UCI Chief to Spain: Do More to Stop Dopers
Pat McQuaid says Spanish government is ignoring the problem.
The president of cycling's governing body has called on Spain's government to do more to tackle doping after four Spanish riders were suspended in the past week for doping offenses.
Pat McQuaid made his call at the World Road Cycling Championships on Saturday, saying too many doping cases came out of Spain and the nation's government appeared to be ignoring the problem.
He refused to comment specifically on the case of Alberto Contador, who is under provisional suspension after recording an abnormal test while winning the Tour de France this year for the third time.
McQuaid said cycling had suffered a "big hit" from the positive tests reported in the past week. In the latest case, the UCI provisionally suspended Olympic medalist Margarita Fullana on Saturday for using the banned blood booster EPO.
"There is a problem in Spain because ... a large percentage of our doping cases come from Spain," McQuaid told reporters in Geelong. "There doesn't seem to be, so far, the will to tackle that in Spain and that really needs to come from the government down."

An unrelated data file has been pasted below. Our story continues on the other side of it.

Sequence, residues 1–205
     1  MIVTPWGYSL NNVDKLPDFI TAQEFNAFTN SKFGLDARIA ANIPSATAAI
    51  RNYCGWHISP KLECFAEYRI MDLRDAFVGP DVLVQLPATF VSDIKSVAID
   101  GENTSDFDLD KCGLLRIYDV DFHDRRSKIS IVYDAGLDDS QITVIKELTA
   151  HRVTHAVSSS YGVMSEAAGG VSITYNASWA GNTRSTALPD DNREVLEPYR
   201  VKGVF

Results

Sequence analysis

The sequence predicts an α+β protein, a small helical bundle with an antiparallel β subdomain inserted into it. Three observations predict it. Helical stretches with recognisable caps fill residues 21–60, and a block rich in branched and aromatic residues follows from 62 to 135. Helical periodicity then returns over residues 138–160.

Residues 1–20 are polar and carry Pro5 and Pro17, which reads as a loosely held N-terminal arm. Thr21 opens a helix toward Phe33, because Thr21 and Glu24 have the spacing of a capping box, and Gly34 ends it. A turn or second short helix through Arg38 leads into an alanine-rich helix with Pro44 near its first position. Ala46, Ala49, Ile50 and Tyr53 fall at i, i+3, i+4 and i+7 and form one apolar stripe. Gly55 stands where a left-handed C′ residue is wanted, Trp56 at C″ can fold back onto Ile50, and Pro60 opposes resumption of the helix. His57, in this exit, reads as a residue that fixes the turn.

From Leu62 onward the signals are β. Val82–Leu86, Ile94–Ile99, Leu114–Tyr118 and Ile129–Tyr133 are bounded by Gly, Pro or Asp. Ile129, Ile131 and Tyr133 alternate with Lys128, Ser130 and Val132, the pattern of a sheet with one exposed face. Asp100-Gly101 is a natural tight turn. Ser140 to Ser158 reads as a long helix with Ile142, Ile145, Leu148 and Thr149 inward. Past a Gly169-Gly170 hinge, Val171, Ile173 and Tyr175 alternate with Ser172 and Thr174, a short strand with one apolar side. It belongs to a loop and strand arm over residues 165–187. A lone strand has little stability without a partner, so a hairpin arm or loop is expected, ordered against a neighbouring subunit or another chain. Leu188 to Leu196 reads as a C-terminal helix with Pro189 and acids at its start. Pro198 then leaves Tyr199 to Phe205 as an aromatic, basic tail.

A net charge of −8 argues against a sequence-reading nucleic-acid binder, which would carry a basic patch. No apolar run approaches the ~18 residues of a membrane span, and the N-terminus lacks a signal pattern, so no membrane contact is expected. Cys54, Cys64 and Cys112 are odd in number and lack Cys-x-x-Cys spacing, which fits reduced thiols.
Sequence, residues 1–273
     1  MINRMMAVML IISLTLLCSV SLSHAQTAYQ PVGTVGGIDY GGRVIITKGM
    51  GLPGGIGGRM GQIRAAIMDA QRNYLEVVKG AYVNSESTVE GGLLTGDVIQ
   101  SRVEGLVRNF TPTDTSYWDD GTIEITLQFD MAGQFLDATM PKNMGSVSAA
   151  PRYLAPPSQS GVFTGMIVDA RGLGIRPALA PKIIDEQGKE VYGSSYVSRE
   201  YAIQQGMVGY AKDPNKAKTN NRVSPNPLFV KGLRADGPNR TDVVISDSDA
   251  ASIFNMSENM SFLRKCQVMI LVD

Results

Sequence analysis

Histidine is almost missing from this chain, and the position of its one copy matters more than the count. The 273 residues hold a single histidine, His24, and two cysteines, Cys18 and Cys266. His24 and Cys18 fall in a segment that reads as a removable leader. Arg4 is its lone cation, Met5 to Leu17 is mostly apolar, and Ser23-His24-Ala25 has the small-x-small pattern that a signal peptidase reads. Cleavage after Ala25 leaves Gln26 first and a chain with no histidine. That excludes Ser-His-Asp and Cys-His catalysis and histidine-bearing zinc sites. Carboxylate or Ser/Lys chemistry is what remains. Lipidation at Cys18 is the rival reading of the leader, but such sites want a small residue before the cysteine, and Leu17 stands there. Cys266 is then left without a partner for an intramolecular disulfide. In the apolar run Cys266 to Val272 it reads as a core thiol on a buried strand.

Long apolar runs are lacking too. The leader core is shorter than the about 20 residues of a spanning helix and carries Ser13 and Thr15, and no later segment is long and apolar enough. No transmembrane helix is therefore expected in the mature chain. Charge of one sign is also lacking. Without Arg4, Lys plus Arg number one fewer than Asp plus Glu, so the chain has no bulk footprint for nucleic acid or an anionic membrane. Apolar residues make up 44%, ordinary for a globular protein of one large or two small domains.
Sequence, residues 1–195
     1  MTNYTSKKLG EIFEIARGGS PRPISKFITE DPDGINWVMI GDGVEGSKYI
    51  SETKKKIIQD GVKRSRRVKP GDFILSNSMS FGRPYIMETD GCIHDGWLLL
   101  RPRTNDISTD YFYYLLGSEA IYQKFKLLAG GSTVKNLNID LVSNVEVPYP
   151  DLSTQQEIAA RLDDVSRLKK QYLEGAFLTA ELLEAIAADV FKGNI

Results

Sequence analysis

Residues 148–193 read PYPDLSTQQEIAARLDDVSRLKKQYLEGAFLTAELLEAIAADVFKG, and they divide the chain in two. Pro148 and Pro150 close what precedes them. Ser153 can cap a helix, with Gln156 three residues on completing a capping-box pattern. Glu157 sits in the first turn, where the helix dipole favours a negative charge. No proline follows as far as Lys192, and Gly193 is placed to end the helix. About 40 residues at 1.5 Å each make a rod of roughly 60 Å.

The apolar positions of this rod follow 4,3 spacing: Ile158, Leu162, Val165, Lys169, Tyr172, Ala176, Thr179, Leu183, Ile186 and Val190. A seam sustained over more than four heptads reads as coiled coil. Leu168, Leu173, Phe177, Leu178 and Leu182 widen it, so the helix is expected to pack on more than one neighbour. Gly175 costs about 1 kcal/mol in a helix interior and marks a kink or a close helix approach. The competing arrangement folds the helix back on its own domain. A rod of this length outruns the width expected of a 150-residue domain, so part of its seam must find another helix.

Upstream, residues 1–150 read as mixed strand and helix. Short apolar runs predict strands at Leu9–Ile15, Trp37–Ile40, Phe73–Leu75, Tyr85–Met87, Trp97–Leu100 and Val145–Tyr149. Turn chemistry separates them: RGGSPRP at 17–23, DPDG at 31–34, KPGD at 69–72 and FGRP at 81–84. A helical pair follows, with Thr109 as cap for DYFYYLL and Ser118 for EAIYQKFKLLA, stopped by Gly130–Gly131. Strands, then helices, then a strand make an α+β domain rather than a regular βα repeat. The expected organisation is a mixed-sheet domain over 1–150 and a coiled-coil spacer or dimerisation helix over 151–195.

The UCI reported earlier this week that Contador had tested positive for clenbuterol, a drug with muscle-building properties, on the second rest day of this year's Tour. He claimed the drug must have been in meat he ate on the race's rest day.
Tour of Spain runner-up Ezequiel Mosquera and teammate David Garcia da Pena were also suspended after positive tests for hydroxyethyl starch.
On Saturday, the UCI provisionally suspended three-time world mountain bike champion Fullana for EPO use.
"In relation to anti-doping, and in particular in relation to Spain and especially over the last couple of days in Spain, cycling has taken a big hit," McQuaid said. "We have over the past month sanctioned four big Spanish riders.
"The (Spanish) government needs to work with the sport. The government needs first of all to recognize there's a problem and I don't know that they actually recognize there's a problem.
"Then they need to sit down with the sport and put a lot of measures in place."
McQuaid said Contador's case was complex and could not predict how long it would take to arrive at an outcome.